Few studies have focused on understanding how sociodemographic factors impact healthy ageing in the rapidly growing population of Alaskan older adults. A newly published study compared the health of Alaskan older adults to those in the contiguous US, and determined how the associations differ between older adults in Alaska and the contiguous US.
· In the contiguous US, females were less likely than males to be obese, while in Alaska, females were more likely to be obese.
· In the contiguous US, Alaska Natives/American Indians were more likely than respondents of other races to be smokers, while in Alaska, the association between race and smoking was not significant.
· These differences between Alaska and the contiguous US results suggest that programs designed to reduce disparities and promote healthy behaviours may need to be tailored to meet the unique needs and challenges of older adults living in Alaska.
Source: Cohen et al. (2019). Disparities in social determinants of health outcomes and behaviours between older adults in Alaska and the contiguous US: evidence from a national survey. International Journal of Circumpolar Health, Dec;78(1):1557980. doi: 10.1080/22423982.2018.1557980.
Restricting youth access to tobacco is a central feature of US tobacco regulatory policy, but impact of local tobacco retail licensing (TRL) regulation on cigarette smoking rates remains uncertain. A newly published study examined the effects of TRL on other tobacco product use and use as adolescents reach the age to legally purchase tobacco products. Prevalences of ever and past 30-day cigarette, electronic cigarette (e-cigarette), cigar, and hookah use were assessed in a survey of a cohort of 1553 11th- and 12th-grade adolescents. An American Lung Association (2014) youth access grade was assigned to each of 14 political jurisdictions in which participants lived on the basis of the strength of the local TRL ordinance.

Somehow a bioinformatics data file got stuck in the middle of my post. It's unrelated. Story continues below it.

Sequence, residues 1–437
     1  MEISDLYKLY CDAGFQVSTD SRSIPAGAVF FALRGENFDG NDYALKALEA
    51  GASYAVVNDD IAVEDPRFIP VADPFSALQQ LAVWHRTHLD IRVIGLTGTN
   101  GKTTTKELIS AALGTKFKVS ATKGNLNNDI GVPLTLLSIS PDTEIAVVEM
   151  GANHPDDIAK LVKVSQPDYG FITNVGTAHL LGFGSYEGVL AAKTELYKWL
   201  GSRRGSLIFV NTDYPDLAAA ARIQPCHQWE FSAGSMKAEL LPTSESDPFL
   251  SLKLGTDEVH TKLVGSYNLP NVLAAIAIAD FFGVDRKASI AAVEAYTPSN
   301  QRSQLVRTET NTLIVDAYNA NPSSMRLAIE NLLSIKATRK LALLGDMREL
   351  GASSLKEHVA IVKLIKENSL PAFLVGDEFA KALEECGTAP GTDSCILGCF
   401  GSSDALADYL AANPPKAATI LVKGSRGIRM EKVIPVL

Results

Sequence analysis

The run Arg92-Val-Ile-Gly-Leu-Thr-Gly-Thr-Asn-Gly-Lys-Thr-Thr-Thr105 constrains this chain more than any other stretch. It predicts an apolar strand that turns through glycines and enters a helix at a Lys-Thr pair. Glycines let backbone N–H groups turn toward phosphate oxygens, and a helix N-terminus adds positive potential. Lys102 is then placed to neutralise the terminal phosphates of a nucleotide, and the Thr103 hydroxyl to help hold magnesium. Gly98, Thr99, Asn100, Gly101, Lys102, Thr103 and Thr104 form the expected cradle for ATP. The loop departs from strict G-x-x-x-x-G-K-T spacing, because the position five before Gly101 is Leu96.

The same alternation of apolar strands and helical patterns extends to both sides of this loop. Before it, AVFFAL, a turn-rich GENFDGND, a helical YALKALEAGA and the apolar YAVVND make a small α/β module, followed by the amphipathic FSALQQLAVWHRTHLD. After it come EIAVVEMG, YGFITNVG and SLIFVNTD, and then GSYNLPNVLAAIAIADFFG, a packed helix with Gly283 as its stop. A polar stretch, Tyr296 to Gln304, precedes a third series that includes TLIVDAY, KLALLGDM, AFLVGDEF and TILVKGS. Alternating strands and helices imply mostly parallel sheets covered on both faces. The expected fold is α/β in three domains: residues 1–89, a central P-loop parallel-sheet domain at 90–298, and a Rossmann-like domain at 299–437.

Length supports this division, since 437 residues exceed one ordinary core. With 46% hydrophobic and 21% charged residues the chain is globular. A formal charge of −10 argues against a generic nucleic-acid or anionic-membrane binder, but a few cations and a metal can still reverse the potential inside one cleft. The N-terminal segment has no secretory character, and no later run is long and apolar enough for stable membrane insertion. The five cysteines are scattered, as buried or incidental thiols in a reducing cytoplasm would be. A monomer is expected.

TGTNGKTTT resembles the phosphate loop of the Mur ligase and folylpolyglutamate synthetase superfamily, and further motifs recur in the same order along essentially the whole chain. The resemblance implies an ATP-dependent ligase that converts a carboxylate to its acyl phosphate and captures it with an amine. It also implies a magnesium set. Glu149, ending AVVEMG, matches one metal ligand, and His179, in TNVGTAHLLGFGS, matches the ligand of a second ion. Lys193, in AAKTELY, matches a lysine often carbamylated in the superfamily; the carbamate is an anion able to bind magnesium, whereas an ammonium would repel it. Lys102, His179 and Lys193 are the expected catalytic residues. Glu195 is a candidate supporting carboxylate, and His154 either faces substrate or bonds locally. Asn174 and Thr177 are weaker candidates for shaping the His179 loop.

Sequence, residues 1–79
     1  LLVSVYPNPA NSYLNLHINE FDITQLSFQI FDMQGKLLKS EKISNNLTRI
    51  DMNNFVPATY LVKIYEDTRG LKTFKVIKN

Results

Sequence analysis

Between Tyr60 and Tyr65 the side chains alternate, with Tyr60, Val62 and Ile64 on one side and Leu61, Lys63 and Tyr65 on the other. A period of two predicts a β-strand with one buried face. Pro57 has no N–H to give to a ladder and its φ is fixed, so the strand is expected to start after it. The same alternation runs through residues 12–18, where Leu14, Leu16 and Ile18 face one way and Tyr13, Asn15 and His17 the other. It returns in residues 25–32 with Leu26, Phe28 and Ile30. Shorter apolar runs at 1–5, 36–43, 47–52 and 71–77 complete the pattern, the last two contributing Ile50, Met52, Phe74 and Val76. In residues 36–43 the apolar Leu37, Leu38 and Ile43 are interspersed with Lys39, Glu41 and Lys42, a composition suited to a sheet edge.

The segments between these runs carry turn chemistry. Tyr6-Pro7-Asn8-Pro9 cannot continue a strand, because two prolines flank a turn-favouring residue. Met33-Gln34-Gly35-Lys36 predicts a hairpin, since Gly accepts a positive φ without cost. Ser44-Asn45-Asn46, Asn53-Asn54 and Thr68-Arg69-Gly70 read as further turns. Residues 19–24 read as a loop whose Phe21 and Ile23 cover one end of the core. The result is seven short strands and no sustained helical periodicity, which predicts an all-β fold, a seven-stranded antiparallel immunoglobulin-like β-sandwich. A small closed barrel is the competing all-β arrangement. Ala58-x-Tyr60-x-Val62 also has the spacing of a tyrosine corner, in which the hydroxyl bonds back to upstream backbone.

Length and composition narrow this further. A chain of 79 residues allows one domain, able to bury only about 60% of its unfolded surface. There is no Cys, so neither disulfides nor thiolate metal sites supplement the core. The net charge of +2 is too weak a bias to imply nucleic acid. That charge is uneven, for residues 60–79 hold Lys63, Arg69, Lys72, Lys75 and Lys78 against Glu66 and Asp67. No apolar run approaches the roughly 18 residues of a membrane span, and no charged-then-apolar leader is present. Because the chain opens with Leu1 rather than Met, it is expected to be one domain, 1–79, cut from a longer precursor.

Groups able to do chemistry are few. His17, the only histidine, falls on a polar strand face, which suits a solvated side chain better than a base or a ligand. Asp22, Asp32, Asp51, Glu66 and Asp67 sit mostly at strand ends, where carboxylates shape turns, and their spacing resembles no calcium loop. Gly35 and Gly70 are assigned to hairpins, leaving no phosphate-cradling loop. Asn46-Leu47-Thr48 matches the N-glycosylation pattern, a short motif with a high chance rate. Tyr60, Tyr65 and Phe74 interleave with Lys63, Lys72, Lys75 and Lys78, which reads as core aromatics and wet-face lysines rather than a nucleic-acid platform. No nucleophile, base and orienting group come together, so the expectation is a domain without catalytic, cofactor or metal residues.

· At baseline, participants living in 4 jurisdictions with “A” grades (ie, with most restrictive ordinances) had lower odds of ever cigarette use and past 30-day use than participants in 10 D- to F-grade jurisdictions.
· At follow-up at legal age of purchase, lower odds of cigarette use initiation occurred in jurisdictions with stronger TRL policy.
· Lower odds of e-cigarette initiation at follow-up and of initiation with past 30-day use were also associated with better regulation.
The researchers concluded that strong local TRL ordinance may lower rates of cigarette and e-cigarette use among youth and young adults.
Source: Astor et al. (2019). Tobacco Retail Licensing and Youth Product Use. Pediatrics, Jan 7. pii: e20173536. doi: 10.1542/peds.2017-3536. [Epub ahead of print]
Abstract Smoke Background